Arnold Berman's rental car doesn't run right, so he calls his rental company for a new car. Now his rental company wants to charge a $138 fee to tow the vehicle. But Berman says it's not his fault. Can he get a refund?
Q: I rented a car through Auto Europe. During my rental, the car didn't work properly. The vehicle wouldn't move when I pressed on the accelerator, and it felt dangerous to drive. I called the company from my hotel and asked for another car.
Auto Europe insisted on charging my credit card $138 to tow the car. They say the car wouldn't start, but it actually did -- it just didn't run right. I've been back and forth with Auto Europe by email, and it has offered $50 off on my next car rental.
I think it's the rental company's responsibility to give me a working car. Auto Europe won't do anything. Can you help me get a refund for the tow? -- Arnold Berman, Devon, Pa.
A: You're right. Auto Europe should have made sure you received a working car. Actually Auto Europe handles reservations for several European car rental companies, so technically, it was that car rental company's responsibility -- but that doesn't really matter to you.
Your case underscores the importance of conducting a careful inspection of your car before you accept it. If your vehicle doesn't start immediately or if anything else looks suspicious -- for instance, if the lights don't turn on, the windshield wiper doesn't work or the tags are about to expire -- then politely ask for another car.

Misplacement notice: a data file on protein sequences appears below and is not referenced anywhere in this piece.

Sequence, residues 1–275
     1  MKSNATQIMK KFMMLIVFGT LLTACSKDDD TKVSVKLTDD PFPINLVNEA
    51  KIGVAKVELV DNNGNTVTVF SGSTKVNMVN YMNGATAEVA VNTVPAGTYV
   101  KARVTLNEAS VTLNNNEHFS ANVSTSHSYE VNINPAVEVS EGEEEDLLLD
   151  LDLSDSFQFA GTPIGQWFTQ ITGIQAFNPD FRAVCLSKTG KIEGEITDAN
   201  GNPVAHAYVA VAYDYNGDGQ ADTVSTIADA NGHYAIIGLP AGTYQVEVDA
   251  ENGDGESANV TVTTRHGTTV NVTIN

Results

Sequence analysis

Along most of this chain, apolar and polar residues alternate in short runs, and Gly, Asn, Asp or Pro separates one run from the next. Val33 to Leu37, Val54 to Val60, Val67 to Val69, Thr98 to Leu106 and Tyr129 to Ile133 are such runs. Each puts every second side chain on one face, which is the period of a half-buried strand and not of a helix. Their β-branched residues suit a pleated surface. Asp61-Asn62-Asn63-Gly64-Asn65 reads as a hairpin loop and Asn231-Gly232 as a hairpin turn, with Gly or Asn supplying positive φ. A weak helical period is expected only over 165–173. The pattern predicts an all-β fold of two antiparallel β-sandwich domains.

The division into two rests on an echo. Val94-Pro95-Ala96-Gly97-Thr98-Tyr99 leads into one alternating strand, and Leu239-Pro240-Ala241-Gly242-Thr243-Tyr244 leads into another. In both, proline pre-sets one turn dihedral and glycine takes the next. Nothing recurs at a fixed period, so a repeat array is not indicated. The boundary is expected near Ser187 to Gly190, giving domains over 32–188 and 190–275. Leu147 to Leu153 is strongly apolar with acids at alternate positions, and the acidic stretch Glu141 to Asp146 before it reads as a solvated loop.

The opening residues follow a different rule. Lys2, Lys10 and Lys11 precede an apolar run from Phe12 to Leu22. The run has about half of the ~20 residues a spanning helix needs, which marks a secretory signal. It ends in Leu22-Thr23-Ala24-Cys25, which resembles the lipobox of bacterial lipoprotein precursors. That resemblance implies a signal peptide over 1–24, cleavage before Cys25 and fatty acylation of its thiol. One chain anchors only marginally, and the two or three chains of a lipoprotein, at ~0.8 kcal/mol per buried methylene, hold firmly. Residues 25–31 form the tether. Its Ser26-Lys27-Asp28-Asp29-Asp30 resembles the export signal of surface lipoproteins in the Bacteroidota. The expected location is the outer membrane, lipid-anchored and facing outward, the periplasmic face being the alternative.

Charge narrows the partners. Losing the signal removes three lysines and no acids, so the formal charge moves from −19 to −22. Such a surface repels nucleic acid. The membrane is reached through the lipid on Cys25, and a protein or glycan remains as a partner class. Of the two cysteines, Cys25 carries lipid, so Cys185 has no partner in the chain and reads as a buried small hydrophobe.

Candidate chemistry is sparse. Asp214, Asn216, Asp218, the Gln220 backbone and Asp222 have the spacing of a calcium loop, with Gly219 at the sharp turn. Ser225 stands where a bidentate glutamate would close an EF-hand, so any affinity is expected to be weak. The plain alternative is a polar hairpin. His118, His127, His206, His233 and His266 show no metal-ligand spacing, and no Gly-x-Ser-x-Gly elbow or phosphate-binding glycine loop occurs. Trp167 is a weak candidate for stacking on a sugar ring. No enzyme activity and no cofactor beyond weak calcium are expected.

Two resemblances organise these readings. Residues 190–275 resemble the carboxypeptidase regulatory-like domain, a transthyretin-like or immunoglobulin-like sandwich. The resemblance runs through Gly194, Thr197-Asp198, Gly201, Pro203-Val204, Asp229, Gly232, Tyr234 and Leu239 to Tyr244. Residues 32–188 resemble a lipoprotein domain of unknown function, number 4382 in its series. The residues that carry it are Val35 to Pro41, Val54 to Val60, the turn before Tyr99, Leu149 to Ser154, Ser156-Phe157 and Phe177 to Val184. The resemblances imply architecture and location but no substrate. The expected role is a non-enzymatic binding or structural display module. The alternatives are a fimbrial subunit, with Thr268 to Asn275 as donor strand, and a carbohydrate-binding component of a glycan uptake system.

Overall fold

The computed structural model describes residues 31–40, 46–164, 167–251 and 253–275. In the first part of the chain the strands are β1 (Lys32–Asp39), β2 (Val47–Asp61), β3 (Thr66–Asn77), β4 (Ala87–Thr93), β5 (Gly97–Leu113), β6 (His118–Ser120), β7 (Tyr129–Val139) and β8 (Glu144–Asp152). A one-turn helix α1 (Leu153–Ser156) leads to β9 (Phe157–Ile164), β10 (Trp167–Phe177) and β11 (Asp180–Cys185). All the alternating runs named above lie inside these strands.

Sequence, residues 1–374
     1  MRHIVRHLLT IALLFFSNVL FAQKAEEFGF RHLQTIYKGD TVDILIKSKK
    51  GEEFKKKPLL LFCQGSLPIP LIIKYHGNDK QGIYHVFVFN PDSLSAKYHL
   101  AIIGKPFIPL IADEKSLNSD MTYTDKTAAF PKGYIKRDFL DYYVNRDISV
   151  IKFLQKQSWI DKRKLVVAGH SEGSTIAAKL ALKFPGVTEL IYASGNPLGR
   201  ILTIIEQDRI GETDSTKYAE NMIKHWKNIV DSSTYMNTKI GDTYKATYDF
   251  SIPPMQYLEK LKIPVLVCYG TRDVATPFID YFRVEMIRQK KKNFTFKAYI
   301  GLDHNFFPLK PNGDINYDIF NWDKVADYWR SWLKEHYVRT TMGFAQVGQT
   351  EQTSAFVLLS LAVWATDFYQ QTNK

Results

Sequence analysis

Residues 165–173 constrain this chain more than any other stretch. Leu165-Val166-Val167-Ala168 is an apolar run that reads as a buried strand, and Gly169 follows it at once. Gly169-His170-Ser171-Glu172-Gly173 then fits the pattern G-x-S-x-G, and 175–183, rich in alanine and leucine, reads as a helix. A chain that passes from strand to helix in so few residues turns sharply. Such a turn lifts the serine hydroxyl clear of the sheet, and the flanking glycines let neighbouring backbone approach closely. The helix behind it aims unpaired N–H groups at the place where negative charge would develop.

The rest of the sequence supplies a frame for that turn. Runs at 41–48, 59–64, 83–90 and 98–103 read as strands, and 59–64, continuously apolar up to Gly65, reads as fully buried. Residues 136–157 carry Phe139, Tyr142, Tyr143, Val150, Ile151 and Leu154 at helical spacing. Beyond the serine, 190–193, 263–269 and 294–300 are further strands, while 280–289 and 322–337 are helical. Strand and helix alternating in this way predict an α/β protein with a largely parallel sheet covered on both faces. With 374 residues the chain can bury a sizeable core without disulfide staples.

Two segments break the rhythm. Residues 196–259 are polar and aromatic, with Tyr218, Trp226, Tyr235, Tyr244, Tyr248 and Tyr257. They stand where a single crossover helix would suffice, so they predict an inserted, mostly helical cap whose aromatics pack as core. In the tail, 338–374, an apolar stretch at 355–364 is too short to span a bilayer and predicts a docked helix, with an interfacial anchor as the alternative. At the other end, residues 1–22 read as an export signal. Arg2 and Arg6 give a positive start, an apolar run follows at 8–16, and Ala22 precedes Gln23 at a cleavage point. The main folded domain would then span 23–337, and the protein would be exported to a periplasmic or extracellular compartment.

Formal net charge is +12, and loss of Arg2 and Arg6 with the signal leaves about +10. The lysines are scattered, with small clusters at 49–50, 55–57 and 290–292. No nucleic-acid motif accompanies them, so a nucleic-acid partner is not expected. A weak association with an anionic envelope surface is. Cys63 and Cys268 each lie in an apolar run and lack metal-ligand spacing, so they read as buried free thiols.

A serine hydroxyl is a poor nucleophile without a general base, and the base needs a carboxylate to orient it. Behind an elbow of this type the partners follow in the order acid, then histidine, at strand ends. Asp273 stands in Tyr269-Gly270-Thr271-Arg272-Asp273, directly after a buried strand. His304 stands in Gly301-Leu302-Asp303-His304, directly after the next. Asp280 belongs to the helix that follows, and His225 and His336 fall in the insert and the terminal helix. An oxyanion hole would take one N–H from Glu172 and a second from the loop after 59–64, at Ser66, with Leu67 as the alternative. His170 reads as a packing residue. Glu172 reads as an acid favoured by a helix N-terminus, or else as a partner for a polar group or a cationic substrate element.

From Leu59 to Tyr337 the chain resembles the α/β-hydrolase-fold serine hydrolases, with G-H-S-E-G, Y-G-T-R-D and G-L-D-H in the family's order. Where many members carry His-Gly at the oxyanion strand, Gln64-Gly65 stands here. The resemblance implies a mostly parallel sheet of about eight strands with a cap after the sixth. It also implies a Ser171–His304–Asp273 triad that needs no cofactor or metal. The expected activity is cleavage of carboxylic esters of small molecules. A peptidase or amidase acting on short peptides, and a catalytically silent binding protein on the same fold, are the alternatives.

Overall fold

Auto Europe says that when you contacted the car rental company, it sent its roadside assistance service to your hotel to bring the car back to the garage. They determined that nothing was wrong with your car, and claim that it has been rented since then "with no further issues."
In the event that a vehicle is towed, the rental policy you signed when you checked out your rental says you will be charged for it. I guess the real question is: Did you receive a car that broke down, and if so, whose fault is it?
If, as you say, the car was having trouble and simply stopped working while you were driving it, then I agree -- the car rental company should take responsibility for it. But if the car worked fine and you were unfamiliar with how it worked (a common problem with Americans renting in Europe) then the company would have cause to charge you for towing the vehicle.
I can't tell which it is. When you have an intractable conflict like this, you have one last option before contacting me: You can get in touch with your credit card company and dispute the charge.
But I thought I would ask Auto Europe about your case before you did that. Auto Europe credited your card for $138, the entire amount of the tow charges. I hope your next rental car works better.
(Christopher Elliott is the author of "Scammed: How to Save Your Money and Find Better Service in a World of Schemes, Swindles, and Shady Deals" (Wiley). He's also the ombudsman for National Geographic Traveler magazine and the co-founder of the Consumer Travel Alliance, a nonprofit organization that advocates for travelers. Read more tips on his blog, elliott.org or e-mail him at firstname.lastname@example.org. Christopher Elliott receives a great deal of reader mail, and though he answers them as quickly as possible, your story may not be published for several months because of a backlog of cases.)Copyright © 2014, The Baltimore Sun